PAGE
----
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Incentives Matter in Fighting Poverty


Fifty years in, the War on Poverty has fortified the welfare state–industrial complex while weakening society’s little platoons and disarming the vulnerable. Far from giving the poor “a fair chance to develop their own capacities,” as President Johnson sought, public assistance too often has created long-term dependence while undermining work and eroding marriage — the primary lines of defense against poverty.

At present the government spends nearly $1 trillion annually on 80 federal means-tested programs that provide cash, food, housing, medical care, and targeted social services for poor and low-income Americans. Despite nearly $20 trillion of taxpayers’ money spent since the War on Poverty began, the poverty rate remains nearly as high as it was in the mid-1960s.

If this war could be won with spending, it would have happened long ago. Instead, the sources of the problem are much deeper and more complex.

Since the mid-1960s, unwed childbearing has skyrocketed from 8 percent of all births to more than 40 percent, and from 25 percent to about 73 percent among black children. A child born and raised outside marriage is more than five times as likely to experience poverty as a child raised in an intact family.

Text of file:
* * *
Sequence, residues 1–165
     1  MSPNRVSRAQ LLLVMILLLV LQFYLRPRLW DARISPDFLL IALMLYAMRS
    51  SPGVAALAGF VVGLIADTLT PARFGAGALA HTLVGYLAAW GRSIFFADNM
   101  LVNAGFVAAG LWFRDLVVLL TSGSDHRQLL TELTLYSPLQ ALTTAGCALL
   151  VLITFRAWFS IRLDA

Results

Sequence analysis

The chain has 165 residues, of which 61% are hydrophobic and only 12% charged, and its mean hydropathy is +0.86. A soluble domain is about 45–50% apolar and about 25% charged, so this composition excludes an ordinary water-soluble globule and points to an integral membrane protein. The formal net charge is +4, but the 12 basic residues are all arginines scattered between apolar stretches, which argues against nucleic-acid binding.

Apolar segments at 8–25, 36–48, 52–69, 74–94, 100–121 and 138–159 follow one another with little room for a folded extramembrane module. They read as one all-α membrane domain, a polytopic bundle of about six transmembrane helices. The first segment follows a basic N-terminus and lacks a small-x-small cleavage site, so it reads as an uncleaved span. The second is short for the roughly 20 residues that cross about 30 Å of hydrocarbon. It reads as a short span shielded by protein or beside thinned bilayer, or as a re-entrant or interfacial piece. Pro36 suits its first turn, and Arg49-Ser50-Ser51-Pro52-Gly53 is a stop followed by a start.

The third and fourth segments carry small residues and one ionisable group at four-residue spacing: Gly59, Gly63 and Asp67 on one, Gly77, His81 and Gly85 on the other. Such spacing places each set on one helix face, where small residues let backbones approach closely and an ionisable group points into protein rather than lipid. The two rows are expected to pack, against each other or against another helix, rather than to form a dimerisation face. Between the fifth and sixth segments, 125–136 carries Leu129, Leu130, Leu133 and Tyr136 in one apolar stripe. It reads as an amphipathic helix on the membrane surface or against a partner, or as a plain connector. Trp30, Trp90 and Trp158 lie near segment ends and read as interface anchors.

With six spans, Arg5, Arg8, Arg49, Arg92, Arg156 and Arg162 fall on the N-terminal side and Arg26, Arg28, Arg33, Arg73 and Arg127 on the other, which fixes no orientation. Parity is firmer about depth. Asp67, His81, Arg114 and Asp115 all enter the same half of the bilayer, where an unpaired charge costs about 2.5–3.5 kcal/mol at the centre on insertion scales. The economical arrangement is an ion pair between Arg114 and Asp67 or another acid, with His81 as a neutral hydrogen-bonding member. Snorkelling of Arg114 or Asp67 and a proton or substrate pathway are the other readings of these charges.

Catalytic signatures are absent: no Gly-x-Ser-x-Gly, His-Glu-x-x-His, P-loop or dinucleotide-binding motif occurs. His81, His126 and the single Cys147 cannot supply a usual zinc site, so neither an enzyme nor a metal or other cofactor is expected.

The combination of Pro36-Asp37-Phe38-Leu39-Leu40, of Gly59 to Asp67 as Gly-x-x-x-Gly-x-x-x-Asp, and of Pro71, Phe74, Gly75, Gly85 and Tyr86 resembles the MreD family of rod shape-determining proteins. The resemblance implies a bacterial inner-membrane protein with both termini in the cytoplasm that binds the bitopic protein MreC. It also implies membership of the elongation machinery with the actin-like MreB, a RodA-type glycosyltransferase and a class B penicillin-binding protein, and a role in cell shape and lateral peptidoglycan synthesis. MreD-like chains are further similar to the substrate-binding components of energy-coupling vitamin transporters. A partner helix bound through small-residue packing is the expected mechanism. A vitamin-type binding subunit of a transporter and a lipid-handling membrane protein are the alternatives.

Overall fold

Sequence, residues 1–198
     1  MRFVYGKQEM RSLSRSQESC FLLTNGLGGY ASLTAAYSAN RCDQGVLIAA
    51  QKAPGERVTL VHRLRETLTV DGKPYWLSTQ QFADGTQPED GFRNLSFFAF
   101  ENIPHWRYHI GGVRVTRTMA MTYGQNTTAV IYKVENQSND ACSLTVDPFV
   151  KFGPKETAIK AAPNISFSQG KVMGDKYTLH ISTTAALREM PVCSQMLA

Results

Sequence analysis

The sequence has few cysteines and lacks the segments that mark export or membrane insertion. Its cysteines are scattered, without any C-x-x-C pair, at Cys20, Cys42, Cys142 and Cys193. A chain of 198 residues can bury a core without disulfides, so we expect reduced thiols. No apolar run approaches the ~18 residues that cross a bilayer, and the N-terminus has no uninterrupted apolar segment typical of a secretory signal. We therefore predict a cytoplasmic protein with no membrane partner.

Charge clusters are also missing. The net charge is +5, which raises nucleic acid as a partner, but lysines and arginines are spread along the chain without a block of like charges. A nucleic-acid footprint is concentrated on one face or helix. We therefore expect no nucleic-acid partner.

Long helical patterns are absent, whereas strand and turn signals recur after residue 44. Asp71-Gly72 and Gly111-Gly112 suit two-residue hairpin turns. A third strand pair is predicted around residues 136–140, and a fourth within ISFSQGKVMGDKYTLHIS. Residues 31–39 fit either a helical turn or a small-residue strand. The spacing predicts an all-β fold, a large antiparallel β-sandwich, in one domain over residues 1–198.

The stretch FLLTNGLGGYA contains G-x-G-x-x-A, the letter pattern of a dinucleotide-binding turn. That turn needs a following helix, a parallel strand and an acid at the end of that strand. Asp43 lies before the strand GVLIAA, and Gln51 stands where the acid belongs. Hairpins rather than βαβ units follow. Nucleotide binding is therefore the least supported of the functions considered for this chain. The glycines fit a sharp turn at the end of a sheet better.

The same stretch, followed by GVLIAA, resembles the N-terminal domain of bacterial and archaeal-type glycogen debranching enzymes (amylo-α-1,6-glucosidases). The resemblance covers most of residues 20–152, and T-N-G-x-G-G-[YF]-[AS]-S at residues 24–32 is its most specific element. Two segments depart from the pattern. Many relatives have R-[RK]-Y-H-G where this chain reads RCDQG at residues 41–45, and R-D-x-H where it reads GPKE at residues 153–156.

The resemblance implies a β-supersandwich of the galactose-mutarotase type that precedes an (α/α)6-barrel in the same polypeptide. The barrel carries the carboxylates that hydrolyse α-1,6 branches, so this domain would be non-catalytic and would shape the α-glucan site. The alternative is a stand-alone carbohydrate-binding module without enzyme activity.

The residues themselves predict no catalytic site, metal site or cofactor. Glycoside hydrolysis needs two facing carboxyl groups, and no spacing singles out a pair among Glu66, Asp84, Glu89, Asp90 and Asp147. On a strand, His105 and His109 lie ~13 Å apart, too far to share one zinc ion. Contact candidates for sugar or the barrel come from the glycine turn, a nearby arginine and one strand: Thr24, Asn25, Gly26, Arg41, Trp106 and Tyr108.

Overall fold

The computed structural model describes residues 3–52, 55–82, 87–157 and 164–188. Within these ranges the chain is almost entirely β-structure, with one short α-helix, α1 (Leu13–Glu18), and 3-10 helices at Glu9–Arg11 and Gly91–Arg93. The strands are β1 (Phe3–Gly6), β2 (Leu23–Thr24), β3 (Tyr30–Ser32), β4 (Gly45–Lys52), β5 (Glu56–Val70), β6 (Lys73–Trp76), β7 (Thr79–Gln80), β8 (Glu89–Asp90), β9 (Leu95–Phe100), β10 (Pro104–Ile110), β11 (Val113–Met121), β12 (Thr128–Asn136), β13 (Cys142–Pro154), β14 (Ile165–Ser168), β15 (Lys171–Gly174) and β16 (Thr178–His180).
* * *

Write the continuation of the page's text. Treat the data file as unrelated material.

Meanwhile, employment has declined among some segments of the population. Even in good economic times, the average poor family with children typically is supported by what amounts to 16 hours of work per week.

The welfare reform of 1996 demonstrated that incentives matter. It transformed the largest cash-assistance program from a handout to a work-activation program; benefits depended on recipients’ working or looking for work. Welfare rolls fell by half, and poverty among single mothers saw unprecedented declines.

But the 1996 reform changed the incentives in only one of the 80 federal welfare programs.

Much more must be done to serve our neighbors in need. The character of public assistance as whole must change to offer a hand up, not a handout. Programs such as food stamps and public housing should be transformed into work-activation programs. The serious, long-term work of restoring marriage must begin now for the good of future generations.

Of such an effort, we can say with LBJ: “We cannot afford to lose it.”

 - Jennifer A. Marshall is director of domestic-policy studies at The Heritage Foundation.

Originally appeared in the National Review Online

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